Friday, April 29, 2016
What is better than a British philosopher, logician, mathematician, historian, writer, social critic, political activist and Nobel laureate? Well a lot of things but today I will be discussing Bertrand Russel and his mathematical ways.
“The whole problem with the world is that fools and fanatics are always so certain of themselves, but wiser people so full of doubts.”
Bertrand Russell’s first mathematical book, An Essay of the Foundations of Geometry, was published in the late late 1890’s. His book and the work that filled it was inspired by Immanuel Kant. Kant was a German philosopher. Russell later found that his concept made Albert Einstein’s representation of space and time ultimately impossible.
Russell believed that religion could be quite harmful to people. “As a philosopher, if I were speaking to a purely philosophic audience I should say that I ought to describe myself as an Agnostic, because I do not think that there is a conclusive argument by which one can prove that there is not a God. On the other hand, if I am to convey the right impression to the ordinary man in the street I think that I ought to say that I am an Atheist, because, when I say that I cannot prove that there is not a God, I ought to add equally that I cannot prove that there are not the Homeric gods.”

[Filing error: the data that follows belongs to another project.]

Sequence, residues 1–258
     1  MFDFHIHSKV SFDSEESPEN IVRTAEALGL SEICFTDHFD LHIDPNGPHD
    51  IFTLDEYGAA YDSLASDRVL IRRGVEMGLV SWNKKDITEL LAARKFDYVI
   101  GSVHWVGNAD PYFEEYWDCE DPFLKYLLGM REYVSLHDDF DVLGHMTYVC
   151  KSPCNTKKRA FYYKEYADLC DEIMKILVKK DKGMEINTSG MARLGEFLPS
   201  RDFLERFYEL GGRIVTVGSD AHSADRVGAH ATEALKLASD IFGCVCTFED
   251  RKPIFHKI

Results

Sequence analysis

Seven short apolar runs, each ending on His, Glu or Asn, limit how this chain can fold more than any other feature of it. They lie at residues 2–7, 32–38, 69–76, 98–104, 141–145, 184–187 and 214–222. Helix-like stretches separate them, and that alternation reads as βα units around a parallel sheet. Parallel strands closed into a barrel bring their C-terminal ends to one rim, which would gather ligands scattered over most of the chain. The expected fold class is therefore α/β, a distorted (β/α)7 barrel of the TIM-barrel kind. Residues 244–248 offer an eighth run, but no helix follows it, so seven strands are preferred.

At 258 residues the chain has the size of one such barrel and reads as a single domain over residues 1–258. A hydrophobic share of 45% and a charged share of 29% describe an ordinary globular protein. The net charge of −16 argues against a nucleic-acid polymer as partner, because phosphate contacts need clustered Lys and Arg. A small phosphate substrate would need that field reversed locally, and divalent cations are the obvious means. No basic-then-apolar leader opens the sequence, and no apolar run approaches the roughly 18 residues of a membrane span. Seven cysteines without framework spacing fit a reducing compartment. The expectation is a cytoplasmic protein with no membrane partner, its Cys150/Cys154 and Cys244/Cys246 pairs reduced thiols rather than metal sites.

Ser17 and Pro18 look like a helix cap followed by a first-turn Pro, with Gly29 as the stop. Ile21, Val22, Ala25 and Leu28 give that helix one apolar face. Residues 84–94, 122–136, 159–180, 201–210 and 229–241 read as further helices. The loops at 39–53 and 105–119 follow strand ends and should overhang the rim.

— Bertrand Russell, Collected Papers, vol. 11, p. 91
Later on, Russell decided to choose to take over the agnostic label on a BBC radio debate between himself and Frederick Copleston. Not only was Russell agnostic. He was also a huge influence on modern philosophy. (How great of transition was that?) Russell also had an influence on individuals in the philosophy world as well. One that really stands out would be, Ludwig Wittgenstein. Ludwig was a pupil of Russell between the years 1911 and 1914. Ludwig Wittgenstein was an Austrian-British philosopher who also worked with the philosophy if mathematics.
“I wanted certainty in the kind of way in which people want religious faith. I thought that certainty is more likely to be found in mathematics than elsewhere. But I discovered that many mathematical demonstrations, which my teachers wanted me to accept, were full of fallacies ... I was continually reminded of the fable about the elephant and the tortoise. Having constructed an elephant upon which the mathematical world could rest, I found the elephant tottering, and proceeded to construct a tortoise to keep the elephant from falling. But the tortoise was no more secure than the elephant, and after some twenty years of arduous toil, I came to the conclusion that there was nothing more that I could do in the way of making mathematical knowledge indubitable.” –Bertrand Russell